CES Onboarding Process Example

For onboarding, I’ve seen the following question be effective: “On a scale from 1-7 with 1 being terrible and 7 being exceptional, how easy was your onboarding experience?” 
If customer onboarding is expected to last, say, 60 days, send it between day 40-50 so the customer has a pretty good handle on their experience and it allows your company 10-20 days to respond. And to state the obvious, only one onboarding survey per customer. 

Reporting and analysis

Reporting can be a black hole, so be careful. Sticking with the onboarding example above, here are the core relationships I focus on:

  1. What are the scores as they relate to each sales rep?
  2. What are the scores as they relate to the Customer Onboarding team? (This could be a CSM, account manager, Onboarding Manager, or entirely self-service content)
  3. What are the M-o-M trends? 
  4. What are the scores for some VIP or white glove customers or enterprises?

Now what? What do I do next?

I believe it’s best for everyone and anyone in the company to see customer feedback. It may likely create small issues (“what if one of my coworkers looks down on me from that interaction?”), but the long-term is that it actually builds trust. Engineers, Product, Sales, Admin may not interact with customers. This is the lens for them to empathize with you. It also helps illuminate issues for teams to help or respond. Fixing bugs, changing the sales demo, or prioritizing a feature launch. In this case, the Onboarding team cannot fix everything themselves. They rely on others. That’s the power of a “team.”

Because of that, I like the following process:

  1. Integrate the survey tool with Slack (or whatever tool you may use) for everyone in the company to see the feedback
  2. Pipe data into your CRM and/or CS platform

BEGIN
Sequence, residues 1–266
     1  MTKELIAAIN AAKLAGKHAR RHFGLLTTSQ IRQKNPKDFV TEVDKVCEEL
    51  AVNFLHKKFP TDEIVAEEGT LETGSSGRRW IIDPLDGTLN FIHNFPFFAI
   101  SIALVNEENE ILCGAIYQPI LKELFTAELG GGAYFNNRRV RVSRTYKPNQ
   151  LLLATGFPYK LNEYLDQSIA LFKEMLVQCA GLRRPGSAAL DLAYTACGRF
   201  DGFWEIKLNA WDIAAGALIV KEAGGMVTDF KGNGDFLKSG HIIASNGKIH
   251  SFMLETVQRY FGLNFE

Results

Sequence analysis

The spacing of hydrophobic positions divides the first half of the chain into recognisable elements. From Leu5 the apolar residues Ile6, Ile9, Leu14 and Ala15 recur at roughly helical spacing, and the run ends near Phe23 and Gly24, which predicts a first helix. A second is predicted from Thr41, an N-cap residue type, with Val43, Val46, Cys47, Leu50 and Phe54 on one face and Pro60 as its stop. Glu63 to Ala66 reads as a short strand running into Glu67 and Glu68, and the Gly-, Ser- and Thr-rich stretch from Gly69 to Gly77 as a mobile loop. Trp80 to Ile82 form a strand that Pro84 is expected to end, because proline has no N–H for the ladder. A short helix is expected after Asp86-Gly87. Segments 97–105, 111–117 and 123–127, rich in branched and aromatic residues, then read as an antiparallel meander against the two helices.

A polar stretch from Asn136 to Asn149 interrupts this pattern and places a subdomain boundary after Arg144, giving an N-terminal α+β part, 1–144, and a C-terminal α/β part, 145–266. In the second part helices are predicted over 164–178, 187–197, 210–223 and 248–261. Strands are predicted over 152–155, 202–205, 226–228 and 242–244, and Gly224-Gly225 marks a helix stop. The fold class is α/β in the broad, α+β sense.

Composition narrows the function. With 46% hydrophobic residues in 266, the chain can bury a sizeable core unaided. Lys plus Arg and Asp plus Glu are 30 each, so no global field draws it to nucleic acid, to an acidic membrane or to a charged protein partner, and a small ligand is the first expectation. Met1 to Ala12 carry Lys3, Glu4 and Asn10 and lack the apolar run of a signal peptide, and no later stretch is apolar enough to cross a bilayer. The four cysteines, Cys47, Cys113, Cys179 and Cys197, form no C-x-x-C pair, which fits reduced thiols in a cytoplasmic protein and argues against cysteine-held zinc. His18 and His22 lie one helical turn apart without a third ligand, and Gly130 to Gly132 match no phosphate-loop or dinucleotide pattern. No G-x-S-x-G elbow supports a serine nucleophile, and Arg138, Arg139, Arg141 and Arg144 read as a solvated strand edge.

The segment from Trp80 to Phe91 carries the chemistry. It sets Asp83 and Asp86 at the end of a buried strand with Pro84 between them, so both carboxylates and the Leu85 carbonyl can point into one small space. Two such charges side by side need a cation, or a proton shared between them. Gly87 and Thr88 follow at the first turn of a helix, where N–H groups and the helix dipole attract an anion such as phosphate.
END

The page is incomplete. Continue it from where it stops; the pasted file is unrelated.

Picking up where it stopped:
3. Customer follow-through mechanism
    1. Most streamlined approach: use your CRM or CS platform to create follow-up tasks for the CSM or Onboarding Manager to follow up with the customer. This can be done with automation, such as a task is created based on the score. 
    2. Small scale: use Slack as your task list and apply a reactji whenever you respond to a customer. Note: this is not idealas Slack is A) not intended as a task manager and B) it’s not intended as a task manager
  4. Pass any relevant feedback to the proper team (e.g., product feedback to the product team)
  5. Create any additional tasks in your CRM or CS platform to check in with the customer

Note: you can create an automatic email that goes out for high or low scores, but that seems silly since they’re already responding to an automatic email. Why not douse it with some humanity at this point? Plus, they may have added some qualitative feedback that it’s best to reply with a custom email.

Benchmarking

Establish a loose benchmark as a place to start. Realize you may only have a month or quarter’s worth of data and there could be seasonality effects or other concerns. So hold loosely to these benchmarks. Companies and industries are different, so it may not be realistic to shoot for X score just because someone else’s company achieved that. That said, here’s an example process and presentation to share with your leadership team:


Example CES benchmark presentation (fictitious figures)

We believe healthy CES scores can help us measure how the onboarding experience is going — the effectiveness of Onboarding Managers, content, webinars, and ease of product.

For Q3201X, we’re ready to set that CES goal that we discussed last spring.
Average CES scores:

  • Jan 1 – Mar 31: 4.5
  • Apr 1 – June 15: 5.1

Suggested Q3 goal: 5.4.